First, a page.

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Iran says JCPOA policies ‘fundamental,’ won’t change under new administration

US Rep. Ilhan Omar (D-MN) (L) talks with Speaker of the House Nancy Pelosi (D-CA) during a rally with fellow Democrats before voting on H.R. 1, or the People Act, on the East Steps of the US Capitol on March 08, 2019 in Washington, DC. (AFP photo)
Iranian Foreign Ministry spokesman Saeed Khatibzadeh

Iran says the policies it has been pursuing on the 2015 nuclear agreement with major world powers are among the “fundamental positions” of the Islamic establishment and thus will not undergo any change when the new administration takes over.

Speaking to reporters on Tuesday, Foreign Ministry spokesman Saeed Khatibzadeh said the new administration to be formed by President-elect Seyyed Ebrahim Raeisi will abide by an agreement that may be reached in Vienna, Austria, on a potential revival of the Iran nuclear deal, formally called the Joint Comprehensive Plan of Action (JCPOA).

The remarks came after some Western officials spoke of what they see as a need to wait for the formation of a new administration in Tehran before finalizing an agreement in Vienna.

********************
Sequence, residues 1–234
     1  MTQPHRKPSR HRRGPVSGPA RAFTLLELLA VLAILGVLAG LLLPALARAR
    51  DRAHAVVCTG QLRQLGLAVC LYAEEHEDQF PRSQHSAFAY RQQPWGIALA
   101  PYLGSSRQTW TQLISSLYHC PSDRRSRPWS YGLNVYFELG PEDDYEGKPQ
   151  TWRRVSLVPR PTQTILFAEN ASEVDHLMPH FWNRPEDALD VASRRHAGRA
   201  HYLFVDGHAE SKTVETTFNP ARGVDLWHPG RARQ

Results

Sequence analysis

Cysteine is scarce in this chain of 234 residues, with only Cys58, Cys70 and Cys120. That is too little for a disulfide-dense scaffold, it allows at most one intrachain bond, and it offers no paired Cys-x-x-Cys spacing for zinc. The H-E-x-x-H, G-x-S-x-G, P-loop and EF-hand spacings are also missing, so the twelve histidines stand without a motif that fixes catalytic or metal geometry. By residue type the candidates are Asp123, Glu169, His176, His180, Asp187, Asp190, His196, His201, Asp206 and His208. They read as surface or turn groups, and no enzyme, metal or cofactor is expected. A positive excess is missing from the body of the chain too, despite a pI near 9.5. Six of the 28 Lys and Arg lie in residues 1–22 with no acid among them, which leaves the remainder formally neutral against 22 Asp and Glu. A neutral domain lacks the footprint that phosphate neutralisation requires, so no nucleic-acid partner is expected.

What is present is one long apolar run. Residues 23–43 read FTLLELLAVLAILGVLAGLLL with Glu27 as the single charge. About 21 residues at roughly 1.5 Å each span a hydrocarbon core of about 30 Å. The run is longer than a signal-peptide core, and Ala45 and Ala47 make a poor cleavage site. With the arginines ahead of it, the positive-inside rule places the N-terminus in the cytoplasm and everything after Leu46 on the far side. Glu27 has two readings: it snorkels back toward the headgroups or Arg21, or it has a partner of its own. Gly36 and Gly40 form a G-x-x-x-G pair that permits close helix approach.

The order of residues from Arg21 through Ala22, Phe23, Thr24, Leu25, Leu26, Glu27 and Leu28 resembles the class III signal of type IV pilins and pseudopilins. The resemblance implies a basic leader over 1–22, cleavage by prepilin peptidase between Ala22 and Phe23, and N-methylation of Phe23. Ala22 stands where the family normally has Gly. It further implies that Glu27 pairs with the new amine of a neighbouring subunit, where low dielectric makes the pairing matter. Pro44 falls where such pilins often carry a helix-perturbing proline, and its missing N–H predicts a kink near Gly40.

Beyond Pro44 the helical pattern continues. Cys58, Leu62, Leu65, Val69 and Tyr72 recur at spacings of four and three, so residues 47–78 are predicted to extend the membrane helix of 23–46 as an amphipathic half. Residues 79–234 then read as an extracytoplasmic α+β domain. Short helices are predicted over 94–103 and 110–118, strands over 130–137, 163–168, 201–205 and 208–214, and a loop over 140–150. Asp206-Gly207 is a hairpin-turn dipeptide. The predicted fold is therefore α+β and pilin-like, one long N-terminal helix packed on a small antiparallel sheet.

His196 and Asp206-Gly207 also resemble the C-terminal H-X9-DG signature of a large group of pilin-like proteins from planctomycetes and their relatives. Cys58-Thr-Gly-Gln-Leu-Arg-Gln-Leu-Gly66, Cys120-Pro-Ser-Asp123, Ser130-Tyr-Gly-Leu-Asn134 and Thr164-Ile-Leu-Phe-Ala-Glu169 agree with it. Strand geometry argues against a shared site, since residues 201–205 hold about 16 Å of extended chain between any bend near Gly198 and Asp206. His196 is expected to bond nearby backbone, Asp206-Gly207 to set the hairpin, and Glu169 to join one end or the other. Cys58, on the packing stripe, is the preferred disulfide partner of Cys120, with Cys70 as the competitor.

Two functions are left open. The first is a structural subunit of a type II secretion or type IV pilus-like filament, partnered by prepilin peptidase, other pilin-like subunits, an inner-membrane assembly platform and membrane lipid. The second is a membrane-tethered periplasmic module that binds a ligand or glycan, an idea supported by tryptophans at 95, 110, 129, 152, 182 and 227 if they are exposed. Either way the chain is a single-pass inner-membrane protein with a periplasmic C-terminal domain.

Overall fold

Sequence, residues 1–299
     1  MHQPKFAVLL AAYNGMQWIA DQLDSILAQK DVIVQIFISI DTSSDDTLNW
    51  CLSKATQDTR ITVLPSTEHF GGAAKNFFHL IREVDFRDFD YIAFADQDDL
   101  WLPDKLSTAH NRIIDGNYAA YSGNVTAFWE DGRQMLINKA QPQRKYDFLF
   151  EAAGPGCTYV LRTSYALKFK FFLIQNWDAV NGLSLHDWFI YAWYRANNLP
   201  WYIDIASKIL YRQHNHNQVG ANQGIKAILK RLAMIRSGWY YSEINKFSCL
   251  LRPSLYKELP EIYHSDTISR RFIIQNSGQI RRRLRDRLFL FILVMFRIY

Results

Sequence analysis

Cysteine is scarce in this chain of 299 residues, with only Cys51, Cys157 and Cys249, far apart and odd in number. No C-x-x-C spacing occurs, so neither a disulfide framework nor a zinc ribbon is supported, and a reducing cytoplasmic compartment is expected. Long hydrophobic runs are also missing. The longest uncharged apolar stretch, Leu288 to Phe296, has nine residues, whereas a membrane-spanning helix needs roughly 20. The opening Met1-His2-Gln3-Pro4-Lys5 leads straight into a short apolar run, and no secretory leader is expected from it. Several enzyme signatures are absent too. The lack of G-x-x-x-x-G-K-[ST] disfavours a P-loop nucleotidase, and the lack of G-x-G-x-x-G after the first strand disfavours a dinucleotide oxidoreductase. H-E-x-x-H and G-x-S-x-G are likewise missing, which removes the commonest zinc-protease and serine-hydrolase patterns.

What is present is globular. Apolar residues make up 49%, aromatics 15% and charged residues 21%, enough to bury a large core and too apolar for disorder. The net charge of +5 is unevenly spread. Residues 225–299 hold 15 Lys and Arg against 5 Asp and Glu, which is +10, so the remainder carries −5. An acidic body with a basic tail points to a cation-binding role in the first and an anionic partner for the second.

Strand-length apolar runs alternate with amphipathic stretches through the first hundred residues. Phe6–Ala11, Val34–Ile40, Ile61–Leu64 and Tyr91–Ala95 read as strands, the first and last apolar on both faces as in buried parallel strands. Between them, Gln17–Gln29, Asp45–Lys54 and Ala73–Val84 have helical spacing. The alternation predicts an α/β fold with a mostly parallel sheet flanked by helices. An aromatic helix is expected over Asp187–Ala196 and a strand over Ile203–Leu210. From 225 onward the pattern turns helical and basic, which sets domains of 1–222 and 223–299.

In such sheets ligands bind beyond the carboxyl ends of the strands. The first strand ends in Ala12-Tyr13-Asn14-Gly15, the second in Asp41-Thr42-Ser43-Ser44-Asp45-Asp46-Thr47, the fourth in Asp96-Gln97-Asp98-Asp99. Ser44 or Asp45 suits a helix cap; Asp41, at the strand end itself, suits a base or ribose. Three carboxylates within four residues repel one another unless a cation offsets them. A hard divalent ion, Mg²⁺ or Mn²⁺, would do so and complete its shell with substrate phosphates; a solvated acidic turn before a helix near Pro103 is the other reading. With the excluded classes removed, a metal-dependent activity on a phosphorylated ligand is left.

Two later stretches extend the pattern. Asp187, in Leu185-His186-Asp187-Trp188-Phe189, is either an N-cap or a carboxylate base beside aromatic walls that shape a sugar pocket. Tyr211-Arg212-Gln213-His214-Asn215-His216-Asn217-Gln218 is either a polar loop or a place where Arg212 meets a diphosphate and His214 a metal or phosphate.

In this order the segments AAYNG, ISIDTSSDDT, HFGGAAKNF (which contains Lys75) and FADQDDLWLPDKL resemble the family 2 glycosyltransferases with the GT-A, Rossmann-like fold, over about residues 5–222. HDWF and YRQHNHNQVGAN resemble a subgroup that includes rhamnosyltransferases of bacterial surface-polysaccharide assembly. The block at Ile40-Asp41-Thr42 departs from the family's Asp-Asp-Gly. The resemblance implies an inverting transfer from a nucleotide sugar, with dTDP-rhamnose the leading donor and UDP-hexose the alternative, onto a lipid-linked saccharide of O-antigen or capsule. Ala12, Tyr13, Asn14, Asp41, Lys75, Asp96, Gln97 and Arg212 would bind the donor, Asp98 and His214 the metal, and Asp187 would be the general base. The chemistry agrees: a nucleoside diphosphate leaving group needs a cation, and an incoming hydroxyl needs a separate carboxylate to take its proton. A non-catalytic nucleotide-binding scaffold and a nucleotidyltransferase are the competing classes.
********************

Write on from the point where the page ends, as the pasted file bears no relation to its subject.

Last week, German Foreign Minister Heiko Maas, whose country is a signatory to the Iran deal, said the talks in Vienna “are arduous but nevertheless, they are making step-by-step progress.”

“Surely there will be now a decisive phase in which one has to await whether the newly elected Iranian president will continue to support what we have negotiated as there are things about which we have already agreed on. That is our expectation,” Mass added.

Khatibzadeh, however, clarified that Iran’s stance on the JCPOA and the necessity for the US to remove its sanctions “are among the positions of the establishment and will not alter with a change of administration.”

“Therefore, if an agreement is reached, the administration of Mr. Raeisi will remain loyal to it, because adherence to commitments and promises has always been a principle for the Islamic Republic of Iran, contrary to the approach of some other parties,” said Khatibzadeh, referring to the US, which signed the deal under ex-president Barack Obama and stopped compliance under Obama’s successor, Donald Trump.